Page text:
France is one of the oldest politically constituted countries in the world. French coins are significantly older, having been first struck around by Greek settlers on the country’s Mediterranean coast several centuries B.C. Through the progression of French coins, collectors have a unique chance to follow the advancement and progress of this influential nation.
France was known as Gaul during the time it was part of the Roman Empire, and legacies from that time still remain. It is known that a great number of Roman coin mints were located in France. Celtic occupation of France produced artistically intricate coins, and the more rudimentary French coins found between 400-700 A.D. were the legacy of invading Visigoths and Vandals.
French coins produced in the era of legendary King Charlemagne were produced with more order and uniformity. All coins were cast according to the same mould, and incorporated the ancient Gallic names of the towns where they were minted.
The first French King, Hugues Capet, was elected in 987. The King only controlled a small part of France and dukes, barons and counts of the land laid claim to their own parts of the country – and subsequently struck their own coins.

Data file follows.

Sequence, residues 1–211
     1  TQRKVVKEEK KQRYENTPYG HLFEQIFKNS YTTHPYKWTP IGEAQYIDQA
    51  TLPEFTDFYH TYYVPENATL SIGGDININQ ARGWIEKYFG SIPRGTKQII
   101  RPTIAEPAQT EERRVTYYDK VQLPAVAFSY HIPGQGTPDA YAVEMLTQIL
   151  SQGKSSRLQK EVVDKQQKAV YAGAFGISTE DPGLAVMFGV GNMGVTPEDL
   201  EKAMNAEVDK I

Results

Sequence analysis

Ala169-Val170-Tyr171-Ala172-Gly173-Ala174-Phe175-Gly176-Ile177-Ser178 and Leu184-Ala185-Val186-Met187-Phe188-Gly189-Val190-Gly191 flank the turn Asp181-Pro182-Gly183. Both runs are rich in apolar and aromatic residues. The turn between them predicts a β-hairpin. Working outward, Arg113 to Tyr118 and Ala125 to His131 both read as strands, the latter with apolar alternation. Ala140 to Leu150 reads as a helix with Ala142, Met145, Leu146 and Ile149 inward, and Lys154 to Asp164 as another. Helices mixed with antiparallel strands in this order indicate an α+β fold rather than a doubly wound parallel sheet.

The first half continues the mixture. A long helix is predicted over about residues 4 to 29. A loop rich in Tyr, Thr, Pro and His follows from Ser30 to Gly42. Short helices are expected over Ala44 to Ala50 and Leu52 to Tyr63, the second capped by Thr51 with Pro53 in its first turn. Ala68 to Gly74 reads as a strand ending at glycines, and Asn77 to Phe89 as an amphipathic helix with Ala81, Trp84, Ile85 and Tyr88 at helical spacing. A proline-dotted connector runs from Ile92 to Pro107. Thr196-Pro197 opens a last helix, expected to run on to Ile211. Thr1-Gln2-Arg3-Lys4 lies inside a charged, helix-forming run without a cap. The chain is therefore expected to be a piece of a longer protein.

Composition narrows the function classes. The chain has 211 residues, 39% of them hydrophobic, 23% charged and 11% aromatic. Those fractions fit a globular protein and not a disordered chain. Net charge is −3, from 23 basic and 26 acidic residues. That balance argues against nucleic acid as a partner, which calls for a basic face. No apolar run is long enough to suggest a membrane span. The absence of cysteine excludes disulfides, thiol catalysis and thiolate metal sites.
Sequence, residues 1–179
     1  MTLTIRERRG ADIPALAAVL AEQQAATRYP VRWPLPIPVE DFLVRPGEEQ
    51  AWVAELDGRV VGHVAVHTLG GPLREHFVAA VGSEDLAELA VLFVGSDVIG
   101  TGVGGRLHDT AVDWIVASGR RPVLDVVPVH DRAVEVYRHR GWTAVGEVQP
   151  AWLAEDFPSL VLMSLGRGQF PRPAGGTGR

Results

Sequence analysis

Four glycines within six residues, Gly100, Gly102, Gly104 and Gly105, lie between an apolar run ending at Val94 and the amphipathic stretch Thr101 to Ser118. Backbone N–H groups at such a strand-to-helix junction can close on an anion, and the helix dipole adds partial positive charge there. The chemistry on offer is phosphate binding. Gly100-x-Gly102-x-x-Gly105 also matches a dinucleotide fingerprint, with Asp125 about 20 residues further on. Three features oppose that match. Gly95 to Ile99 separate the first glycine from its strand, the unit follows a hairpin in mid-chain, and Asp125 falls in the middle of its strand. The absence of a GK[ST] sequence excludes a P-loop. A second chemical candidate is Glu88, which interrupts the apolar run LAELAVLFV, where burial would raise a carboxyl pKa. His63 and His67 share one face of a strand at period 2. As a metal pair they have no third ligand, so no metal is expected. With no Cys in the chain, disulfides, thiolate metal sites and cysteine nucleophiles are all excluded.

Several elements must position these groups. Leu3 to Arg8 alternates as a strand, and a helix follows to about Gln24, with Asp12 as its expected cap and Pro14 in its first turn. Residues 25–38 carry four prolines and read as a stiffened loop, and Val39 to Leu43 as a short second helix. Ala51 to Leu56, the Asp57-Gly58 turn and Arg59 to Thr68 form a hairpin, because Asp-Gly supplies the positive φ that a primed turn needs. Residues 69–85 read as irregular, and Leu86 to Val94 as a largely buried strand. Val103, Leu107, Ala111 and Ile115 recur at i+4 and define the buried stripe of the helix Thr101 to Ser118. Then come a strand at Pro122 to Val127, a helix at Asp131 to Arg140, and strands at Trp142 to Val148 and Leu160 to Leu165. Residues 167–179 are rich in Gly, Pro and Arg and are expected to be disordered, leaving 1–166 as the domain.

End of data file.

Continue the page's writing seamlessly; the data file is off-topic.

The conquest of England by Norman barons prompted an abundance of rare French and Anglo-French coins struck in both England and France. Coins were produced in gold and silver and some remain extremely valuable for collecting today.
The historical significance of the Crusades cannot be underestimated, and this period was also prolific for the striking of new French coins. Coins pictured local barons from exotic locales like Tripoli, Jerusalem and Beirut. Coins were also produced under the names of famous orders of knights of the Crusades – the Order of St. John of Jerusalem and the Order of Malta.
By the time King Henry IV ascended the throne, modern day French coins started to be struck in the same methods which we use today. Feudal coins all but disappeared and portraits of monarchs became more refined and artistic. Subsequent kings introduced the use of machines for striking coins.
The 20-franc gold coin Napoleon created in 1803 (called, modestly, the ‘Napoleon’) became the model for the coins of Switzerland, Spain, Italy, Belgium and Greece throughout the 19th century.
In the 1790s the French franc, first used in 1360, became the world’s first decimal based currency. Francs remained the nation’s currency until the Euro was finally introduced in 2002. Ever discerning, the French considered 1,200 designs before finally selecting those which now grace their Euro coins. Today the Paris Mint makes coins for sale to other countries, and also produces French collector’s coins.